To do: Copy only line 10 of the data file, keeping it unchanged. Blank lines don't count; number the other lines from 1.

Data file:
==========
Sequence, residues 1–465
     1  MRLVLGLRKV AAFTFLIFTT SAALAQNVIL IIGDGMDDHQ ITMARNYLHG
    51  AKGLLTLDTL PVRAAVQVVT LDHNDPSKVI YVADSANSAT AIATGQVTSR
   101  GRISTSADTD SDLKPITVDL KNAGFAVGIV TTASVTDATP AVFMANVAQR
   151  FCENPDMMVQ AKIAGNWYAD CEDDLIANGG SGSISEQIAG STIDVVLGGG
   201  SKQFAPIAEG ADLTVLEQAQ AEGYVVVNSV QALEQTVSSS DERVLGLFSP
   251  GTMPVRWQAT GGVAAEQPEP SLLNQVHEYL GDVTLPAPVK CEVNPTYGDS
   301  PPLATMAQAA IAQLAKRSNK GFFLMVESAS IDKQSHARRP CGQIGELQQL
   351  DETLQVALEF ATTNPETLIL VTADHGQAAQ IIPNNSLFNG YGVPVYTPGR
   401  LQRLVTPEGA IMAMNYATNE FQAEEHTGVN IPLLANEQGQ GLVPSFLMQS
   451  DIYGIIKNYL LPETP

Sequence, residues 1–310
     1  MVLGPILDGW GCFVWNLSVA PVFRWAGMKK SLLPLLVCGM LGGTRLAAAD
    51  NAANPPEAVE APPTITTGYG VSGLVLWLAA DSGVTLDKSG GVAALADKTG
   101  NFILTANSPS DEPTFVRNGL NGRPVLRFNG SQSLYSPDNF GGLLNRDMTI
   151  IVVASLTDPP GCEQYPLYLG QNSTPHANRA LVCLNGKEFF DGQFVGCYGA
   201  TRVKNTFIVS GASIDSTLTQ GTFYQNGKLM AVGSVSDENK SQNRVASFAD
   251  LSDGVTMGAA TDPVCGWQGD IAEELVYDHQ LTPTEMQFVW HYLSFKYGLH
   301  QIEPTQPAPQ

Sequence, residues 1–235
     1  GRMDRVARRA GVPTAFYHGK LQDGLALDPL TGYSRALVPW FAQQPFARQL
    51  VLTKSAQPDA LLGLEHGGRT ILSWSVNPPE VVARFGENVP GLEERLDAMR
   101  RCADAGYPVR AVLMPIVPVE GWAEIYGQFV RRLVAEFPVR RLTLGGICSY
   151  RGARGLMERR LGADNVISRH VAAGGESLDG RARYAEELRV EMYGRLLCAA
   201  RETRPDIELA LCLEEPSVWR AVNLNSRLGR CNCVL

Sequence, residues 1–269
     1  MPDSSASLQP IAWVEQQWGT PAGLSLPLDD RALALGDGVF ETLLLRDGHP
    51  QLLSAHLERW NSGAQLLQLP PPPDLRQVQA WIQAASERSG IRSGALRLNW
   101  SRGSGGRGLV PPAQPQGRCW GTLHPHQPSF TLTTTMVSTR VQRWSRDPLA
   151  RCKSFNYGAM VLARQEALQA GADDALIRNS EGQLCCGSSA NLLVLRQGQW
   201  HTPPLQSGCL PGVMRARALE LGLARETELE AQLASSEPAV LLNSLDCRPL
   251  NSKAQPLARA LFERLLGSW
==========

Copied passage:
   401  LQRLVTPEGA IMAMNYATNE FQAEEHTGVN IPLLANEQGQ GLVPSFLMQS